ENGLEWOOD, Colo. --** On the day DeMarcus Ware signed his contract, he summed up the flurry of defensive signings by describing them as an addition of "brutal nasty" to the unit.
The additions of Ware, T.J. Ward and Aqib Talib, along with the return from injury of Kevin Vickerson, Von Miller, Derek Wolfe, Rahim Moore and Chris Harris Jr., are expected to upgrade the performance of a defense that struggled for long stretches last year before finding its form in the last two regular-season games and the first two weeks of the postseason.
But attitude can only go so far. It's about performance, and Ware expects the final result to be much different than it was last year.
"Night and day," Ware said. "You had guys that were hurt, and have the opportunity to not have any holes in your defense.
"You have good interior defensive linemen, you got good linebackers, two great, phenomenal pass rushers, but also guys that can come in and make plays. When you talk about defenses they always have good cornerback core. So they are really tough back there. They come up and are able to make plays and make tackles on the run.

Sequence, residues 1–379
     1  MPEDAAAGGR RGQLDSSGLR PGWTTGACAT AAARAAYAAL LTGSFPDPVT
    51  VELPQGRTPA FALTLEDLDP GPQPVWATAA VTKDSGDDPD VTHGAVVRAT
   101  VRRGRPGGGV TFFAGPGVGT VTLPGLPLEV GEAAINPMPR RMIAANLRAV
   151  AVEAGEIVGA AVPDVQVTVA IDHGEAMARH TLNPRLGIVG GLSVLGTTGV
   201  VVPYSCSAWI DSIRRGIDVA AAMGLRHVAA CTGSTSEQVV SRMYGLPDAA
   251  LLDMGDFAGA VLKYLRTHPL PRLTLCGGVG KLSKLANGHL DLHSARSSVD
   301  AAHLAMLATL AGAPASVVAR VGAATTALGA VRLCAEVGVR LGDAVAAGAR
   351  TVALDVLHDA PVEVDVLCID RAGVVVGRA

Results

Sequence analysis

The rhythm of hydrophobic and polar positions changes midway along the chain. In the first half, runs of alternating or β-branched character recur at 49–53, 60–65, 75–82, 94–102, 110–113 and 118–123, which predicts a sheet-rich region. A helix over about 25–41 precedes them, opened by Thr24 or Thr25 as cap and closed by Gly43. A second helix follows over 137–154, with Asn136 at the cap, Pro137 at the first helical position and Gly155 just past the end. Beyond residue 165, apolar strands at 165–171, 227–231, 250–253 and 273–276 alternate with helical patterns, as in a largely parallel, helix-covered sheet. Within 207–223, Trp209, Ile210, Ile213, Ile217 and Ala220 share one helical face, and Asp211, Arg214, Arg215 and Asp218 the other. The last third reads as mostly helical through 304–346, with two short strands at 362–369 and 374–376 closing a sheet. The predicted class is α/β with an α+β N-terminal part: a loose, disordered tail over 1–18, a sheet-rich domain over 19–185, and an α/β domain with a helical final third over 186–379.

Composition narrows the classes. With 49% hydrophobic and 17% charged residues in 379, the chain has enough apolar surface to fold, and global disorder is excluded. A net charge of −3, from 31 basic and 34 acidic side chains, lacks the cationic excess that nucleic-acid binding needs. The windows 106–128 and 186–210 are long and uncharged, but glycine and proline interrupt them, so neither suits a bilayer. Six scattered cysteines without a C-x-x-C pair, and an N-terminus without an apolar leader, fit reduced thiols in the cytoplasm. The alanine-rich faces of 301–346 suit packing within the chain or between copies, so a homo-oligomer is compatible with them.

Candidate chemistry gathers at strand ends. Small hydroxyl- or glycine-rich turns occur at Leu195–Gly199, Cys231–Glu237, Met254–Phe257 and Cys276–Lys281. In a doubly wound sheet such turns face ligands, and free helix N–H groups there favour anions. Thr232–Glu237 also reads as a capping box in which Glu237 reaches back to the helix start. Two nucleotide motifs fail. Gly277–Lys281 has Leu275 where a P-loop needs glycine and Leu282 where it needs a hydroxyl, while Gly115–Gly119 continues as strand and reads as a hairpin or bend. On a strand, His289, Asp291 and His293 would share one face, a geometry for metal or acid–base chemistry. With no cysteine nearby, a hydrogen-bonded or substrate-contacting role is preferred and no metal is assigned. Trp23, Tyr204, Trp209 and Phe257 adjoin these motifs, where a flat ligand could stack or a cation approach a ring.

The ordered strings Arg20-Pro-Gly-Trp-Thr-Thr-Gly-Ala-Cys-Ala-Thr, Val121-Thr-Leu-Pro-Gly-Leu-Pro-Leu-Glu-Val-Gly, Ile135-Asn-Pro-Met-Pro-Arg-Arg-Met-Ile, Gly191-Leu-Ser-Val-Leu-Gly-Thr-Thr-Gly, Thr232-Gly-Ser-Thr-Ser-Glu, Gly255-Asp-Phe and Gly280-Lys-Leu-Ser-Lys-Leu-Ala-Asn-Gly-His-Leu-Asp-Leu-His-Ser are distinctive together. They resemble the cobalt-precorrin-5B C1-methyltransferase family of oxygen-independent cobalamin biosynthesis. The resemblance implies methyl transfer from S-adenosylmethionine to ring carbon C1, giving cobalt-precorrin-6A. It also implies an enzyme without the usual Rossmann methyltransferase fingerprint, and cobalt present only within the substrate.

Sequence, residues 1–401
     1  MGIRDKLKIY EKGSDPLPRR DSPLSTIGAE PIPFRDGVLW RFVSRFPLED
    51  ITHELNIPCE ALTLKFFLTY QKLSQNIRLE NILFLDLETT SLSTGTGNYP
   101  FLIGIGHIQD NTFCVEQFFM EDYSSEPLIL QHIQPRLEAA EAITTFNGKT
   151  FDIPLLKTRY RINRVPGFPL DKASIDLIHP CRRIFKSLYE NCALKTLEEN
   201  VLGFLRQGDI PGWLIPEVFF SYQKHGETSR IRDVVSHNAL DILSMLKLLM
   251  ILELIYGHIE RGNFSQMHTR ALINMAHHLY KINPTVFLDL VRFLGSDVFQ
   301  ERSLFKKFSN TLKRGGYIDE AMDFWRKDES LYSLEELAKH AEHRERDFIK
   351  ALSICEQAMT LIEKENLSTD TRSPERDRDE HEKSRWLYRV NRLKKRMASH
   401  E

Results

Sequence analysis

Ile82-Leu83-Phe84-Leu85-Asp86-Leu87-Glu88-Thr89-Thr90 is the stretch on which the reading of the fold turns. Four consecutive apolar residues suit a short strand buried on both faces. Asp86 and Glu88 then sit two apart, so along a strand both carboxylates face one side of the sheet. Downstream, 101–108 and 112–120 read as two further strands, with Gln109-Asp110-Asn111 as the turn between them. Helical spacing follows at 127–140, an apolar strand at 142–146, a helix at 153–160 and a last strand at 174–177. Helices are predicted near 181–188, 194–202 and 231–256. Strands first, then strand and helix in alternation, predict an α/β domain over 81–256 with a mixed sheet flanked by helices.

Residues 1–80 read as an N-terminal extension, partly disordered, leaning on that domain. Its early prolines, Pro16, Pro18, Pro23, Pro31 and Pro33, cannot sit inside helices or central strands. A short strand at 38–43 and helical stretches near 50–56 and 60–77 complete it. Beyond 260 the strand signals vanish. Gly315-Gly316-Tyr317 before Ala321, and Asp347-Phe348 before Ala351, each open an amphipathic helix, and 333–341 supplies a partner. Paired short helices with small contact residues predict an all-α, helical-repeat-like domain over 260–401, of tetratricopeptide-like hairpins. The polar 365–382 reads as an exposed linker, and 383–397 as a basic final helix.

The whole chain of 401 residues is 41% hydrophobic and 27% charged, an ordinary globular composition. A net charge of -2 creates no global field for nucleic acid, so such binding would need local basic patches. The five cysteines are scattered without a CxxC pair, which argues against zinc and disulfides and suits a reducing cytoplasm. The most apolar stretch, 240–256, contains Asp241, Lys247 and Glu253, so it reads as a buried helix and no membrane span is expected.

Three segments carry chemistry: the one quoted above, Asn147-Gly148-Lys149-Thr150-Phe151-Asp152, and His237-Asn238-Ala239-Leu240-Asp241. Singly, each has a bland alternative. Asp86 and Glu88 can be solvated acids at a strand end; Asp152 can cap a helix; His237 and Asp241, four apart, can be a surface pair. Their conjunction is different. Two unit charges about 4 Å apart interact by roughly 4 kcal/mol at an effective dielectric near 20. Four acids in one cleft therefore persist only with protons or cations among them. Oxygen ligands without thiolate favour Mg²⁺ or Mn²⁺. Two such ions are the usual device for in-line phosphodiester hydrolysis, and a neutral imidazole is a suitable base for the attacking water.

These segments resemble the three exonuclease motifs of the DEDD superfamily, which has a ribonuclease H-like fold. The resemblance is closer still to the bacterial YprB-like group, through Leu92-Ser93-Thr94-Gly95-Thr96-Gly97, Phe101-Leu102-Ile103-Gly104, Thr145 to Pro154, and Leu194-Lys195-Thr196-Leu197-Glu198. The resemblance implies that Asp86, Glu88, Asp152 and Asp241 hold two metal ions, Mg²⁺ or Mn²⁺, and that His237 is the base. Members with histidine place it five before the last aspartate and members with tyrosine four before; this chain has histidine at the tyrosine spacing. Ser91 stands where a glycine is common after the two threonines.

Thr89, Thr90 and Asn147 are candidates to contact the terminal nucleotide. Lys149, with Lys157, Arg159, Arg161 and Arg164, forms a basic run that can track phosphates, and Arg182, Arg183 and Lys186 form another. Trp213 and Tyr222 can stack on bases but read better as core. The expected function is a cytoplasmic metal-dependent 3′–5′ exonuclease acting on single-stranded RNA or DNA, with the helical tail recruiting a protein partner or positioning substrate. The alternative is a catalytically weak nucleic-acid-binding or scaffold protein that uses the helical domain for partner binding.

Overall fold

"So I think the sky is the limit for us."
Yes, that means being as good as the record-breaking offense. Recent history reveals this as a realistic goal. In 2012, the unit was blessed by good health, had Von Miller for a full season with Elvis Dumervil opposite him, and finished No. 2 in the league in yardage per game -- the same rank as the offense that year.
"We are trying to be a force to be reckoned with this year," Ware said. "At the end of the day, we are trying to be [No.] 1 and [No.] 1. The best offense in the league and the best defense in the league."
The first step to getting there required bolstering a pass rush that saw its sack rate dip last year. Doing so was a top priority of Executive Vice President and General Manager John Elway.
"The best pass defense is a pass rush," Elway said.
In 2012, pressure created takeaways. Denver was second in the league in sack rate -- one every 11.75 pass plays -- and that helped the Broncos coax 23 fumbles, of which they recovered eight. Denver also intercepted 16 passes.
Last year, the sack rate dropped to one every 15.95 pass plays. The Broncos forced more turnovers, but the results were less explosive; their touchdowns off defensive takeaways dropped from six in 2012 to one last year.
"You're always looking to get takeaways," Elway said. "I think with pressure, especially in the passing game, especially with the way we played last year, playing ahead, to be able to get those pass rushes, you're going to create more turnovers. So that's what we'd like to do and we'll see what happens."
Beginning Thursday, the Broncos will learn how much pressure they can create -- and how far it can take a defense searching for redemption.